NESTLED in the heart of Bridport town centre is the community orchard – a space which may not look like much at first glance but one that is steadily becoming a new activity retreat.
The orchard is just under one acre of land, located off South Street and just a stone’s throw behind St Mary’s churchyard, with a pond and community allotment.
It grew out of two community initiatives, one in Bridport, to save a field from development and the other, a year-long project of The Symondsbury Apple Project, which was designed to raise awareness of Dorset’s rich orchard heritage.
The field links South Street to the River Brit and was designated as a green space for community use in 2006.
Yoga in the Orchard, a new project by a variety of local teachers aiming to get the community active and learn something new, looks to be one of many earmarked for the land.
Yoga is an ancient healing science originating from India over 4,000 years ago that is practiced all over the world.
The Sanskrit word ‘yoga’ means to unite – often interpreted as uniting the mind, body and spirit.
Yoga is regarded highly for its benefits that help keep the body healthy, the mind clear and create a deeper sense of self awareness.
The local yoga project was set up by Alice Chutter and Sarah Higgins – two friends and yoga teachers based in Bridport.
Alice, 31, said: “The great thing about yoga is that because it’s so vast there is a style and a teacher to suit everybody.
“Yoga in the Orchard will give people the chance to explore different teachers and approaches and find something that feels right for them.
“It’s also just about getting outside, enjoying some yoga in the fresh air and feeling part of a community.”
A range of local yoga teachers are leading one week each and offer the community the chance to try a variety of styles and teaching approaches. Payment is by donation – so that the classes can be affordable and accessible to as many people as possible.
A portion of the donations each week will go towards the upkeep of the Community Orchard. More information on Yoga in the Orchard and the various teachers can be found online at facebook.com/bridportyogawithalice or by contacting Alice on email@example.com.
Those who want to find out more about the Bridport Community Orchard can visit bridportcommunityorchard.org.uk
MEET THE TEACHERS
THERE are a range of local Yoga teachers involved in Yoga in the Orchard, and each will be offering a taster of their teaching style and yoga practice.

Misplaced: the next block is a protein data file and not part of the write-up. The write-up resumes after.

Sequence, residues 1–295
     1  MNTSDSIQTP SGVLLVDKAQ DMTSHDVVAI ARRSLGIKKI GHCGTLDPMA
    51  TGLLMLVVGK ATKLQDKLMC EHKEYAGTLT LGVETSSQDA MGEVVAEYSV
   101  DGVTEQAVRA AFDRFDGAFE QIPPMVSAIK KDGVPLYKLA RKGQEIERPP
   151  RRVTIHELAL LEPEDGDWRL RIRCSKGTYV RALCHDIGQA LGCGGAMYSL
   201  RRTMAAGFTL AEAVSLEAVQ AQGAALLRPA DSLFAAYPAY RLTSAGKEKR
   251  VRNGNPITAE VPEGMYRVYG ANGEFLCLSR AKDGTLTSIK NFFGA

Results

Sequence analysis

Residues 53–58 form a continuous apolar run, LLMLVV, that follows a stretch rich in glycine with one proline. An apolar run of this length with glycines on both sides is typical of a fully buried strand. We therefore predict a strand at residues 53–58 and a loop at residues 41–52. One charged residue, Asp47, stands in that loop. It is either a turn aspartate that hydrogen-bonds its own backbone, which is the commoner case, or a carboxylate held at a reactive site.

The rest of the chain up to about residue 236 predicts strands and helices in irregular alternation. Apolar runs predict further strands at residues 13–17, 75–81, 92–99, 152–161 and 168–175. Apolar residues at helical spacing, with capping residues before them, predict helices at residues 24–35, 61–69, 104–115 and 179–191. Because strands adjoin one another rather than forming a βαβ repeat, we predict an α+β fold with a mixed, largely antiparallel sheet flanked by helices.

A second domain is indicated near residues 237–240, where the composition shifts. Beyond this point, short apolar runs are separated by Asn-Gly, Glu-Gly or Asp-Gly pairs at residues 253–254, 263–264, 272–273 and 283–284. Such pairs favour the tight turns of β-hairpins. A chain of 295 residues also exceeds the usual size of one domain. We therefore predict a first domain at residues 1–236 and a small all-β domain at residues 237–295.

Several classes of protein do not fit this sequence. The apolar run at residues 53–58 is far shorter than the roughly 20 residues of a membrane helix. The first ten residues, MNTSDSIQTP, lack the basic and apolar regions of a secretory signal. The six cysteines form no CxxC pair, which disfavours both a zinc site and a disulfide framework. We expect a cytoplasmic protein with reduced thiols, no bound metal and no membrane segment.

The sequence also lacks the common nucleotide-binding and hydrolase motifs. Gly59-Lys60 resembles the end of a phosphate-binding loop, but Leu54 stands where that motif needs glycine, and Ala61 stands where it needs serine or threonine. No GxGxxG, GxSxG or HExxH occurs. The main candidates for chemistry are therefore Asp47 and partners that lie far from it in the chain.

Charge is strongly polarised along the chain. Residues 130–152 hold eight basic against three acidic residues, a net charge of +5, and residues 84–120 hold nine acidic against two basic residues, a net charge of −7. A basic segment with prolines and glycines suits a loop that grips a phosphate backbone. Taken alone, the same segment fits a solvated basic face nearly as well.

The classes are open to everyone, including children and those completely new to yoga.
The Yoga in the Orchard timetable is as follows:
July 6 - Corrie Van Rijn (British Wheel of Yoga)
July 13 - There will be no yoga due to an Orchard volunteer day
July 20 - Rosannah Wadsworth (Vinyasa Flow)
July 27 - Mark Winterburn (Ashtanga Yoga)
August 3 - Lesley Wilson (Hatha/British Wheel of Yoga)
SO FAR I’ve been a warrior, a dog, a baby, and fired a bow and arrow.
I know what you’re thinking but no, this isn’t a crazy Alice in Wonderland dream but is the beginnings of a new yoga class in Bridport – and these are just some of the yoga positions I’ve learnt today.
There is nothing more awakening on a Sunday morning than recreating a warrior pose on a blanket in a green open space. Having said that, there is nothing more relaxing than learning how to control your breathing outside in the fresh air. These two factors merged to create an exercise class that for once I felt comfortable in.
Gone are the days when you’re the most out of breath person in an exercise class and slyly try to shuffle to the back of the room.
It turns out, I barely broke a sweat but at the same time felt like I had done some exercise – a winning combination in my book.
Winding through the narrow walkways that lead to the Bridport community orchard, my first worry was whether anyone else would be brave enough to wrestle their way out of bed at 9am and join me.
It turns out I didn’t need to worry, because I reached the orchard and saw at least 20 men and women, some with small young children, looking as excited to give this a go as I was. Not long after setting up my blanket I was welcomed by Alice, the second in seven local yoga teachers wanting to inspire the community in an outside open space.
Looking around me the age bracket ranged from two-year-old children to a group of women in their 60s – an example of a class for all ages, I thought.
Before long I was testing muscles I had long forgotten about with a wide variety of yoga poses. I had never tried yoga before but being outside made a huge deal of difference and went some way to relax us during the course of the session.
In typical British fashion we did have a slight drizzle of rain, but it lasted for less than five minutes and once that subsided warm sunshine took its place.
The class didn’t feel too strenuous and before I knew it I had completed a full hour and 15 minutes of exercise.
The best thing about the class was that there will be more of them by various teachers over the next four weeks – and payment is by donation, you give what you can afford.